Paris - Caves in the sun-scorched wilderness of southern Australia's Nullarbor plain have revealed one of the world's most remarkable collections of fossils, including species of now-extinct kangaroos that lived hundreds of thousands of years ago.
The three Thylacoleo caves, located about 100km from the coast, were uncovered by potholers in 2002.
The find "is without precedent in Australia. Several new and previously incompletely known species are represented by whole skeletons," enthuse a team of researchers, reporting on the treasure trove in Thursday's issue of Nature.
The fossils date back to the Middle Pleistocene era, between 800 000 and 200 000 years ago.
They include 23 species of kangaroo, eight of which had never been identified before. Two of the species were tree kangaroos which had adapted to living in branches.
Other animals were several species of wallaby, a range of lizards including a large species called the King's skink (Egernia kingii), a carnivorous marsupial called the mulgara, which was related to the endangered Tasmanian devil, and two parrots.
Most of the creatures fell to their deaths from the surface, tumbling down pipe-like openings into the cave, whose floor was 20m below.
Of the 69 vertebrate species found in the caves, 21 did not make it through the Pleistocene, an era that spanned 1.8 million to 11 550 years ago and led to the Holocene, as today's post-Ice Age period is called.
Here's an other article about the fossils discovered in Thylacoleo Caves.
Beasts hounded to extinction Evidence is mounting against ancient humans in the case of disappearing megafauna, reports science writer Leigh Dayton
IT must have been an unpleasant end. If the 20m fall to the floor of the cave didn't kill them outright, hunger, thirst and their injuries soon did. Yet above ground, the flat and arid landscape of the Nullarbor Plain fringing the Great Australian Bight gave no hint to the drama below, then or now. "Then" was roughly 500,000 years ago. "Now" was 2002. That's when a team of cavers made what has been hailed as Australia's paleontological find of the century: an extraordinary trove of fossils representing dozens of species of prehistoric birds, beasts and reptiles. Among them were fearsome claw-footed kangaroos, Sthenurines, that weighed inat 300kg; enormous Genyornis, at200kg the heaviest bird known; and the leopard-sized marsupial lion, Thylacoleo carnifex. The long-gone beasts, so-called megafauna, have set scientific hearts aflutter. That's because extensive study of the fossils and the cave, reported this week in the journal Nature, purport to end the longest-running mystery in Australian prehistory: who or what killed off the exotic mammals and flightless birds that once roamed the continent.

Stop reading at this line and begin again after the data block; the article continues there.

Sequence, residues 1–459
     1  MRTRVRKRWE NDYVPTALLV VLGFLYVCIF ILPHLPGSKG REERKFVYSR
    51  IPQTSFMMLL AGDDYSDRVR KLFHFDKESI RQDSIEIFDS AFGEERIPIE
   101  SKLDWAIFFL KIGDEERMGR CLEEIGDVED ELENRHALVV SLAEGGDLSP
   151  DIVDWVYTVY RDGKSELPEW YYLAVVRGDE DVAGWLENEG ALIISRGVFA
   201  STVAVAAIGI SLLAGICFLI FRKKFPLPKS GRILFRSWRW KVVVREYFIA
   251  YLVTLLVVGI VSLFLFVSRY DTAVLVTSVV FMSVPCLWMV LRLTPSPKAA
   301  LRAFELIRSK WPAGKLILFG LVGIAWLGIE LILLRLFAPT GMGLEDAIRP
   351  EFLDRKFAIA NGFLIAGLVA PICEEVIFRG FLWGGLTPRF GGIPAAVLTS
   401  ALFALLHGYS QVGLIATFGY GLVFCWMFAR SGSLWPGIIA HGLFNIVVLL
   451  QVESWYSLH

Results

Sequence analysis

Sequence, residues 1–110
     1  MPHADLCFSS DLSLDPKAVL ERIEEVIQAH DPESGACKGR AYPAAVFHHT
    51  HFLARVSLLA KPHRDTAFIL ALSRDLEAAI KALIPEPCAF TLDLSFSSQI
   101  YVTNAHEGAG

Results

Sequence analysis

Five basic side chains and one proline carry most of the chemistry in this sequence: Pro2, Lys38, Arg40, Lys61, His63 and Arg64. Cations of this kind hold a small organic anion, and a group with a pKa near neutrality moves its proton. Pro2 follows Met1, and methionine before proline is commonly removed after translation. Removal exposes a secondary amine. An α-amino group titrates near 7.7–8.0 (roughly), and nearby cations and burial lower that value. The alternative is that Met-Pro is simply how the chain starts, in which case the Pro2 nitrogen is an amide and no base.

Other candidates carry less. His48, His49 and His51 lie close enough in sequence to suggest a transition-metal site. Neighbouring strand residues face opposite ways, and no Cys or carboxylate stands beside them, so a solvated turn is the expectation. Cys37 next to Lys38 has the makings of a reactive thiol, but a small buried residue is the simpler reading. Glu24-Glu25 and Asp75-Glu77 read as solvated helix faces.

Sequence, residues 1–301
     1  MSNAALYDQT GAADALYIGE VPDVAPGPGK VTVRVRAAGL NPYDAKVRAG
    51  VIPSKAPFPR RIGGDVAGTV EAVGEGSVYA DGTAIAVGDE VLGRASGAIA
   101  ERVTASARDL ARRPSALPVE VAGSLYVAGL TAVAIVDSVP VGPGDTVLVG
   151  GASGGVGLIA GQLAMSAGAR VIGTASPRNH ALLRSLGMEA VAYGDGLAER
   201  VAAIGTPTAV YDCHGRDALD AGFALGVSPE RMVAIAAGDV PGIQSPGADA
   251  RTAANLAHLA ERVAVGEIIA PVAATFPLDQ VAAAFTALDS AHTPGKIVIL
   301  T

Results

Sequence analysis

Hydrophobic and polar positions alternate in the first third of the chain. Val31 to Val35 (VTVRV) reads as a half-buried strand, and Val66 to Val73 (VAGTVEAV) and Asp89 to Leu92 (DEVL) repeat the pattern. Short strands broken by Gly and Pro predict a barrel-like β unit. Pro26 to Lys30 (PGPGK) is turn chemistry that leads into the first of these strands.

If the incriminating new evidence holds up, the suspect, Homo sapiens, will be found guilty of yet another case of mass murder. Early hunters have already been held responsible for the demise of large animals such as sabre-toothed tigers and woolly mammoths in North America, as well as of island creatures such as New Zealand's flightless kiwi.
It seems that when people arrive in a new land they wreak havoc before coming to a more harmonious relationship with the environment. Their methods are as diverse as the animals they wipe out: overhunting, killing off breeding animals, introducing disease, changing the environment and generally stressing to extinction animals unfamiliar with such formidable predators.
While the Australian whodunit has raged for decades - one camp arguing that climate change took out the megafauna, the other that people did the deed - the latest scientific case against Australia's first human settlers began to build five years ago when Western Australian Museum paleontologist John Long heard of the spelunkers' discovery.
Sensing that they'd spotted a site of potential significance, Long gathered a team and headed south from Perth to check it out. They found fossils littering three caves they called the Thylacoleo Caves in honour of their discovery there of the first complete thylacoleo skeleton found. One field season stretched to three for Long.